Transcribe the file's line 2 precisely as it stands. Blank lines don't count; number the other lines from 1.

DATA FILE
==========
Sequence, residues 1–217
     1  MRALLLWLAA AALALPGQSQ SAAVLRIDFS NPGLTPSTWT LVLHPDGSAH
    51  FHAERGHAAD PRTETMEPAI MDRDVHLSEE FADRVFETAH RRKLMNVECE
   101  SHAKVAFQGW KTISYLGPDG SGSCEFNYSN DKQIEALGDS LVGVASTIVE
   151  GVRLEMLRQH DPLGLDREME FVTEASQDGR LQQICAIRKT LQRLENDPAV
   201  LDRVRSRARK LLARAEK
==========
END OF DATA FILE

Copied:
     1  MRALLLWLAA AALALPGQSQ SAAVLRIDFS NPGLTPSTWT LVLHPDGSAH